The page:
Open All Hours – Greater flexibility with site opening hours for UK construction

By Vijay Bange

Throughout the lockdown in the UK, the construction industry has been allowed to remain open for business providing that compliance with the Public Health England measures is maintained. However, most national house builders at least had taken a decision to close sites. Boris Johnson on Sunday 10th May, in his long awaited press briefing on the potential relaxation of social distancing road map, made clear that those in construction and manufacturing should go back to work, if they could.

The distancing restrictions will require those at sites to plan their works to ensure compliance with the still in force social distancing measures, and to also consider that other safety requirements also need to be put in place. Adherence to safety at work guidance remains paramount. Sites will be a different place to how they were before. The net effect will be that works may take longer, and potentially there will be risks of delays to delivery of projects. Contractors will need to do what they can to mitigate this risk. Continue reading Open All Hours – Greater flexibility with site opening hours for UK construction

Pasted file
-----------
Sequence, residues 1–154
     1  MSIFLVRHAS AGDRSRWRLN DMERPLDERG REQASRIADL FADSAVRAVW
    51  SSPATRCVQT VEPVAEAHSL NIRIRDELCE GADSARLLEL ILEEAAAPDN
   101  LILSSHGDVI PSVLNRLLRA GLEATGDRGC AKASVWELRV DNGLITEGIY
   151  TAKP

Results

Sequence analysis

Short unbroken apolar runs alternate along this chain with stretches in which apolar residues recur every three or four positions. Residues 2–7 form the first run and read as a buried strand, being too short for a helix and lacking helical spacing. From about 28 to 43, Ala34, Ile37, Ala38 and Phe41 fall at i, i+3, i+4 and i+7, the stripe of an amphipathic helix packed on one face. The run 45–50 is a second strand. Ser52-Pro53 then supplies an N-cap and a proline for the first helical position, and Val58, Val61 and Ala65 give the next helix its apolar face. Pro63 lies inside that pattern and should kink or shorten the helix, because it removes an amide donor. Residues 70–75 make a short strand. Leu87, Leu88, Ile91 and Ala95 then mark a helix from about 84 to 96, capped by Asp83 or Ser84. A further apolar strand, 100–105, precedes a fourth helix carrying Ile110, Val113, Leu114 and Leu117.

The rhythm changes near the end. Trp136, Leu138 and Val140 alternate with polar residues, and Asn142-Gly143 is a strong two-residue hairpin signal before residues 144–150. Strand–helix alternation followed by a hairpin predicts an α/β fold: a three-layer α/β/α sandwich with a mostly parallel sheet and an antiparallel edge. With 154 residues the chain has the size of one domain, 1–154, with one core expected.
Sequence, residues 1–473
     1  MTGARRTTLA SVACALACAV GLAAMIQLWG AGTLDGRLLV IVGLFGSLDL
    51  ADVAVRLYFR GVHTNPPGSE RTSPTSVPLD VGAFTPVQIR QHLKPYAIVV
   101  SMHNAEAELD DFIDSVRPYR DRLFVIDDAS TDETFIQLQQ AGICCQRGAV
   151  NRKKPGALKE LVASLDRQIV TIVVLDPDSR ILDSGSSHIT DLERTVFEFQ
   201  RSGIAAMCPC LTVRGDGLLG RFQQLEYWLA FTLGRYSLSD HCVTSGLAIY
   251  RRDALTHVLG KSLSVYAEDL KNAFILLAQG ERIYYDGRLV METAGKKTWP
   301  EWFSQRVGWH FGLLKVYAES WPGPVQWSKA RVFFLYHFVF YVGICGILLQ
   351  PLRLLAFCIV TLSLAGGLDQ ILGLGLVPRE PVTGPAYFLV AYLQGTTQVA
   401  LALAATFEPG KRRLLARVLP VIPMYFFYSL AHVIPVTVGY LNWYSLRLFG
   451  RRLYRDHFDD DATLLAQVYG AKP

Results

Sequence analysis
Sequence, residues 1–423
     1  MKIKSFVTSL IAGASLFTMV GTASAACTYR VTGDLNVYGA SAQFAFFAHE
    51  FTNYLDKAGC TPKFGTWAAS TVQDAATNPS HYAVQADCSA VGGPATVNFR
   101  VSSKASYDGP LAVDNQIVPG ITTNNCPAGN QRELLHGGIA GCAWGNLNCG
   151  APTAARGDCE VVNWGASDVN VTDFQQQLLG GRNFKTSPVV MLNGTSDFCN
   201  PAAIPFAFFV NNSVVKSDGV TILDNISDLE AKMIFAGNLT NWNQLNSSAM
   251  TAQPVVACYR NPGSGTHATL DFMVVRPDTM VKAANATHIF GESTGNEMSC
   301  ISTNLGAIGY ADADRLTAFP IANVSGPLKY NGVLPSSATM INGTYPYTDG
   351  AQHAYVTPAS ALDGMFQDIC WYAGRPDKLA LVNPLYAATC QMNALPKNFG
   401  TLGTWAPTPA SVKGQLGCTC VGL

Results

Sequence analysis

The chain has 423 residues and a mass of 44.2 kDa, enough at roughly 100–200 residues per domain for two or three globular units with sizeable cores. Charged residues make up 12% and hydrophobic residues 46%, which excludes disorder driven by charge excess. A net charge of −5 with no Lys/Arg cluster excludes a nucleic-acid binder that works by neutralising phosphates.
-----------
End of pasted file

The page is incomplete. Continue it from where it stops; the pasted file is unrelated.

UK Construction & Engineering: Lean Thinking Re-Visited

By Vijay Bange